Mr. Temporary Deputy Speaker, Sir, I will try to move fast because it is a big document. Another concept that has been introduced on page 1475 is that each quoted company must appoint an audit committee which is appointed by the shareholders and not by the directors to make directors accountable. The concept of corporate governance, which we have been hearing of, is incorporated under Clause 468. This clause deals with corporate governance principles that are appropriate for the nature and scope of the business, established policies, strategies for achieving them annually, ways of measuring adherence to these policies and strategies, establishment of standards of business conduct and ethical behaviour for directors, managers and other personnel, including policies on private transactions and self-dealing and other transactions. That will be the duty of the audit committee appointed by the shareholders. It will come up with the corporate governance policy.
Whereas under the old Companies Act we just had a passing reference in the definition that there will be a Registrar of Companies, here you have a whole chapter devoted to the Registrar of Companies and his or her powers. That is on page 1495, part 24.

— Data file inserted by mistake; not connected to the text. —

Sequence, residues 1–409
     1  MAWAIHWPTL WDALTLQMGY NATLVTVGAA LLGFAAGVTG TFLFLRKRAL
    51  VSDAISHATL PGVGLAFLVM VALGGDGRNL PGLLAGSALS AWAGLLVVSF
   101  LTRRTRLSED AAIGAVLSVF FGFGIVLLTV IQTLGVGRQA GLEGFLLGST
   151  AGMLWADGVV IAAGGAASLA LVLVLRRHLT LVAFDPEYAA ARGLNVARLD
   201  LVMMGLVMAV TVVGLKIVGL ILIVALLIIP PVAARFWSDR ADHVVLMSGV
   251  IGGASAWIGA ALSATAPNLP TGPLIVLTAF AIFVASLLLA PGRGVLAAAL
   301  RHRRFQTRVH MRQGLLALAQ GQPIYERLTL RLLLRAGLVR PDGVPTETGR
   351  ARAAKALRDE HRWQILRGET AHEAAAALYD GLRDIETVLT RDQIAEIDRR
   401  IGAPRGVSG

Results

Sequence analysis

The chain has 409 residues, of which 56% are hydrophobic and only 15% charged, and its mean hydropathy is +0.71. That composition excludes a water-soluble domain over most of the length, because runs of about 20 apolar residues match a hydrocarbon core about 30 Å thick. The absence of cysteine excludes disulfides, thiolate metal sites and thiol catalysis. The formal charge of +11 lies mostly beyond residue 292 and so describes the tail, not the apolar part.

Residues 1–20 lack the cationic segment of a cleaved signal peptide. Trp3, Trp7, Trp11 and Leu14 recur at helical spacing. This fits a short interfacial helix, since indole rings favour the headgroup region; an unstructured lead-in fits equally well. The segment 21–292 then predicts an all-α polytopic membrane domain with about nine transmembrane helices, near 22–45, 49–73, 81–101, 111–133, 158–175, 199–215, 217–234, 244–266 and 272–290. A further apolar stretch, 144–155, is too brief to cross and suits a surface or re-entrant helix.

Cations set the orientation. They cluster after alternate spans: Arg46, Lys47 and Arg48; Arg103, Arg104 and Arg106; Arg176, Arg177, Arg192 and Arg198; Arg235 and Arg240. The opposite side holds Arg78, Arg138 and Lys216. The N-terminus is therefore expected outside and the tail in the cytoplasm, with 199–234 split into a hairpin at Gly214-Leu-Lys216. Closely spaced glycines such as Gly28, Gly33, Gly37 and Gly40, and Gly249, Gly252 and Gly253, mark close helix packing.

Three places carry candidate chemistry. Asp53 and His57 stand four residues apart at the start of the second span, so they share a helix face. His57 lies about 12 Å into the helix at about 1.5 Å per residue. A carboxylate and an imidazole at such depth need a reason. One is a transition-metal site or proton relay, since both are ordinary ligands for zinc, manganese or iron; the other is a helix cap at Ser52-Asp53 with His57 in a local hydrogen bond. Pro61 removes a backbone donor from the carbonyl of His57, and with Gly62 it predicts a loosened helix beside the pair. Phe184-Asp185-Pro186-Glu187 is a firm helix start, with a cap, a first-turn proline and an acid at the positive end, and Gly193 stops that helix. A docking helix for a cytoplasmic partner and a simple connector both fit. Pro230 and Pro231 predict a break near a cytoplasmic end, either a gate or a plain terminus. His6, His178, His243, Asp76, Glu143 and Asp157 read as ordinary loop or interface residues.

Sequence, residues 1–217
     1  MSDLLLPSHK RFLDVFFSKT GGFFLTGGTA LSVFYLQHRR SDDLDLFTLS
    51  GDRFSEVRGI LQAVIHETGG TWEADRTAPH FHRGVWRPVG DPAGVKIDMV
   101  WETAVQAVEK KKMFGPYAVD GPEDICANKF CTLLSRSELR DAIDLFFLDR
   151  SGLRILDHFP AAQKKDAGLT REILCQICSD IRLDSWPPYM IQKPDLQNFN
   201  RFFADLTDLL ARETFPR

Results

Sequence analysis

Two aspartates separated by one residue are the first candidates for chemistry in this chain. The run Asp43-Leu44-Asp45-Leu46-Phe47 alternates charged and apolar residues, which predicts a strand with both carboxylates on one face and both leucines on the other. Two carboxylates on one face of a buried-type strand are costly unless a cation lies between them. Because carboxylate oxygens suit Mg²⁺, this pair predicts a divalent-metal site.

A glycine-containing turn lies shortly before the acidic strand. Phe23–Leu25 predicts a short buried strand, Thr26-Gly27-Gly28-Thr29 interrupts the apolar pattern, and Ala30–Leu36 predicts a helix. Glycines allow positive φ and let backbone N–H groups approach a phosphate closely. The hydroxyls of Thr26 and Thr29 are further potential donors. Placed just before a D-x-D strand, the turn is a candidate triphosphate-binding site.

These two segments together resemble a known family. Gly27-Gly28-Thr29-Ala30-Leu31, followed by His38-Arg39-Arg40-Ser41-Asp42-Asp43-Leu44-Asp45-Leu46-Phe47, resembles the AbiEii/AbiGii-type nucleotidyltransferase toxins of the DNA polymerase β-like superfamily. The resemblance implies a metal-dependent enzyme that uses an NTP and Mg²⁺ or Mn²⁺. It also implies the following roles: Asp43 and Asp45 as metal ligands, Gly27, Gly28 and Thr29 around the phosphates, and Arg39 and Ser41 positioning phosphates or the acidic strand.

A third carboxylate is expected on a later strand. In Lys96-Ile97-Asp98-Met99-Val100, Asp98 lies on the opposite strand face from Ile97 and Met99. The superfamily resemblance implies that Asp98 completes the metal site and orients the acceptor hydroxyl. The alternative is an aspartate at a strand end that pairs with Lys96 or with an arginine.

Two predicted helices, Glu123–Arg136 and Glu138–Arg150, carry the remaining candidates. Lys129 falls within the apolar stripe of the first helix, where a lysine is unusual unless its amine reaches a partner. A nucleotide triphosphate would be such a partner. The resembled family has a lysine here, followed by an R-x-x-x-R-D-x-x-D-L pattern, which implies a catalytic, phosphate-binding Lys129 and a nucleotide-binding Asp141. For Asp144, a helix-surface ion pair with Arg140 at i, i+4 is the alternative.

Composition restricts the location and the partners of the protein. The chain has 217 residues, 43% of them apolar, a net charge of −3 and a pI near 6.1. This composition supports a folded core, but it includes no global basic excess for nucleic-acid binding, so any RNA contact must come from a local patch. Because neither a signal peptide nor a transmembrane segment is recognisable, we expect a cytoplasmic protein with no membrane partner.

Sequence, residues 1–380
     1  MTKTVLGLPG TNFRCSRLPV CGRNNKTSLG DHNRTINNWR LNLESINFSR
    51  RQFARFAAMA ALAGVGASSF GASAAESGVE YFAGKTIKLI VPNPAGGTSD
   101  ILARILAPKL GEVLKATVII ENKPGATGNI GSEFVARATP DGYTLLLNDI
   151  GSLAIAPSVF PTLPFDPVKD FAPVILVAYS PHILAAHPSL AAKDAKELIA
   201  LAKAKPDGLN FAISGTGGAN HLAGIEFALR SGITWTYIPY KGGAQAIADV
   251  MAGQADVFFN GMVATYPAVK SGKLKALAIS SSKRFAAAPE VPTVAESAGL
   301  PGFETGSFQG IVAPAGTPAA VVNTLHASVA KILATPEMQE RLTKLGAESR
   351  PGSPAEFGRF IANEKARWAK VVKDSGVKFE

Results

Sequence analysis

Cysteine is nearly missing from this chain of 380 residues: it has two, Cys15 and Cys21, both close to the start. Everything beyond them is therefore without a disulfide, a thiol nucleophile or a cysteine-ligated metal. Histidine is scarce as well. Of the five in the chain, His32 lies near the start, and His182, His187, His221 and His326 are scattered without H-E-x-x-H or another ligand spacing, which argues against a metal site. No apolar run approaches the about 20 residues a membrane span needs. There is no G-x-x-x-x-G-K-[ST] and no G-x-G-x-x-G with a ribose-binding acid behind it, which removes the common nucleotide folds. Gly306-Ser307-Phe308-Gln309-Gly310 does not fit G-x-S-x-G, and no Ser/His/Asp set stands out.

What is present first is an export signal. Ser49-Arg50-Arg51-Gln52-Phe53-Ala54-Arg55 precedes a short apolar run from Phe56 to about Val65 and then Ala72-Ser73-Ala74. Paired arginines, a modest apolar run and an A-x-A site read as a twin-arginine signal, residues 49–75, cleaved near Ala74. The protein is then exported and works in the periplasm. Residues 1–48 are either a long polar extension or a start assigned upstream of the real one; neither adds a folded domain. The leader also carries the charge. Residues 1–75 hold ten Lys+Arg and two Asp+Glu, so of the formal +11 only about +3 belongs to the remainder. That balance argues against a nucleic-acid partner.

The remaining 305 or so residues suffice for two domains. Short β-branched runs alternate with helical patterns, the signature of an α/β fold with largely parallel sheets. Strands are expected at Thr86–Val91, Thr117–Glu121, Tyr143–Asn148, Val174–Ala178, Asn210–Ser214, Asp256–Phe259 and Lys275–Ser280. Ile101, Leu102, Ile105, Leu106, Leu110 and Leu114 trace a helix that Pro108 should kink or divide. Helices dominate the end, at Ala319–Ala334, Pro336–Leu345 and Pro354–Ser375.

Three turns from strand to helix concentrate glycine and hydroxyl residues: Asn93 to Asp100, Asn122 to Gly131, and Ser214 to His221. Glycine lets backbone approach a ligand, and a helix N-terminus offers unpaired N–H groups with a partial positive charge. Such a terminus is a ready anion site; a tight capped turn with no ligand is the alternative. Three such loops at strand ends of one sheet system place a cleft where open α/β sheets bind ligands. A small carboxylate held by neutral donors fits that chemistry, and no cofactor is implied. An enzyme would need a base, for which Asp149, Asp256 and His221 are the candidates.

Mr. Temporary Deputy Speaker, Sir, as you can see, the Bill has four Schedules attached of forms and everything else. So, that task force, to me, has come up with the best law on the companies. If this is enacted, I know as a fact that it will be the best company law in this part of Africa, being the latest and taking into account the best practices from the region.
The company law is the basis for commercial activity in this country. Therefore, an early passage of the Companies Bill, which is long overdue, is required. I do hope that we shall have a very good debate here and take on board good suggestions so that we come up with the Companies Law. Personally, I am very happy that I have survived long enough to move this Bill, which has come out as a result of the task force that I appointed way back in the 1990s. It is not just a task force which looked at this. I also want to pay tribute to the Law Reform Commission, which after the task force had done its job, went and held many stakeholder meetings and so on to ensure that they come up with the best piece of legislation. This is because the Law Reform Commission falls under the Attorney-General in matters of drafting laws, but in terms of policy, it falls under the Minister for Justice, National Cohesion and Constitutional Affairs, Mr. M. Kilonzo, who has agreed to second me on this Bill.
Mr. Temporary Deputy Speaker, Sir, I beg to move.
Mr. Temporary Deputy Speaker, Sir, I beg to second.